I'm almost halfway through the book at this point and carry it with me everywhere. I've got two other books in various stages of completion (reading), but I grab this one when I have a spare moment. That should say something about how involved I am in the story.

Here's the scenario:

1.  Ridley Cooper, Southern man. fights for the Union - then returns home.
2.  Olivia Aberdeen, a Southern woman, ostracized because of her late husband's dealings with the North.

While my favorite genre is action/suspense, these characters have me wrapped around their pinkies. Tamera Alexander knows how to appeal to readers with deep emotion, impossible odds, and real-world problems.

Five stars for this one, folks!

Writers and readers:  What's on your nightstand these days?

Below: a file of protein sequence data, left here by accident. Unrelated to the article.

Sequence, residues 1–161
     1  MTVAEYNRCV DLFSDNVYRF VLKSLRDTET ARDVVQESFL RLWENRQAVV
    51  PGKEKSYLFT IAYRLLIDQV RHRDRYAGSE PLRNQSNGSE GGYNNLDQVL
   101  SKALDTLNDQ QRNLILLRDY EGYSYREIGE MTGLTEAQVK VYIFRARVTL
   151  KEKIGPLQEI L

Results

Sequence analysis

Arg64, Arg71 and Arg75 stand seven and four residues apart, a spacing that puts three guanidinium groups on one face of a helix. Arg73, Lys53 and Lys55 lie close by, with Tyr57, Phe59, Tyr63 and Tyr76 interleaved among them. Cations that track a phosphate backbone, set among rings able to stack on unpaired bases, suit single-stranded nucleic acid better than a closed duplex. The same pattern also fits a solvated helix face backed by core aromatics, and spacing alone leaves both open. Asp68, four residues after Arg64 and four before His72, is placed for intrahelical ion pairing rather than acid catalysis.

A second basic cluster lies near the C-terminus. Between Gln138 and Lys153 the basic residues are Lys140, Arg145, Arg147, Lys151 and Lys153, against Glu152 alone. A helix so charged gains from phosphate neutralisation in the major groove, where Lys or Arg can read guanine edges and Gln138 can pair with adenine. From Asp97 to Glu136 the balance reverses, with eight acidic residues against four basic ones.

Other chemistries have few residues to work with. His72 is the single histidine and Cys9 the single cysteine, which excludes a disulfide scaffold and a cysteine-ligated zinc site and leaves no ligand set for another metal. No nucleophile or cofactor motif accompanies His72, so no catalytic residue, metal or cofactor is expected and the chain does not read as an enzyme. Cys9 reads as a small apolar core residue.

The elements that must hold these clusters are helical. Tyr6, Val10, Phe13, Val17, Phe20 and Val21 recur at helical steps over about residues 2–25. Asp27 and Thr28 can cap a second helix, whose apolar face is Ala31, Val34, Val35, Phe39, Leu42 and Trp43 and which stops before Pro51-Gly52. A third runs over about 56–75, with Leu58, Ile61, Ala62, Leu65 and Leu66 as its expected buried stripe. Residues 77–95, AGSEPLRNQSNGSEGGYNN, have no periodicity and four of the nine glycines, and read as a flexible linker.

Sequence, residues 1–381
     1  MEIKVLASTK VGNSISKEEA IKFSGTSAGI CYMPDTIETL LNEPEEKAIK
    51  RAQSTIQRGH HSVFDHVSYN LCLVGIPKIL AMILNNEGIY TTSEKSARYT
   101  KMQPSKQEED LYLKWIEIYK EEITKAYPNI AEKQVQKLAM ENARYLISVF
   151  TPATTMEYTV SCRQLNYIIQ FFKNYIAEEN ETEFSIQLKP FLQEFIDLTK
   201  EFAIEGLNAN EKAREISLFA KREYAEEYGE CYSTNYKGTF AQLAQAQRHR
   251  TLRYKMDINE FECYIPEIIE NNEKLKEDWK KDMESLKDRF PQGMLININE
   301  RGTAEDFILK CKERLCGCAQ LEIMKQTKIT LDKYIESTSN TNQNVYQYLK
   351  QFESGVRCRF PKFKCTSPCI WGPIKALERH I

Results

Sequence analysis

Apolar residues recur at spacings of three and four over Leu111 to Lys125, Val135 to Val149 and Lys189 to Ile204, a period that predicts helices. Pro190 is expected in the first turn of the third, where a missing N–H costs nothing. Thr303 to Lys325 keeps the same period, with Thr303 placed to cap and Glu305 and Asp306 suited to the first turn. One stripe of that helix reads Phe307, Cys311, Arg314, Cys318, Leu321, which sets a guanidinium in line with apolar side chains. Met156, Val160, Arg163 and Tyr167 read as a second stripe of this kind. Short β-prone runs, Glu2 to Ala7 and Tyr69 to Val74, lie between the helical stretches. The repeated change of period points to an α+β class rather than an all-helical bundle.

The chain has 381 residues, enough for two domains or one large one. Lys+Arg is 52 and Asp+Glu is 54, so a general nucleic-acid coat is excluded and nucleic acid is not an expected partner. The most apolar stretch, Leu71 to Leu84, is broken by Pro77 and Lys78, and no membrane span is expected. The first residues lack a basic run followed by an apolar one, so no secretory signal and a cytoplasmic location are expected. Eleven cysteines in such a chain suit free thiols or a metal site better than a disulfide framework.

Monday, October 20, 2014

We, The People

We treasure freedom of speech. From that platform, we can share all that God has put on our hearts. This isn't about politics or political parties. It's about the very foundation of our country.

We've had unparalleled freedom for over 200 years. Unlike most other countries, we can practice our religious beliefs, share them, and not have to fear retribution from the government. With God's help, our Founding Fathers gave us a Republic - a government by the people and for the people.

Today, most Americans speak of our country as a democracy.  Emphasis is put on our ingenuity, our own efforts, and little recognition that it's God who has made this nation great. We have become proud, independent, and arrogant.

With everything I'm seeing around me, there's a growing sense that we're on a collision course with judgment. We cannot afford to ignore the signs of the times.

Come back to your roots, America. Return to the God of your fathers and to Judeo-Christian values.

Come back. Please. Come back.

Writers: How can we protect the rights we've taken for granted?

Readers:  How can we stand up for freedom? I'd like to hear your opinions on the subject. Let's keep it civil with no personal attacks on individuals/parties.

Photo Credit: freshchje

Friday, October 17, 2014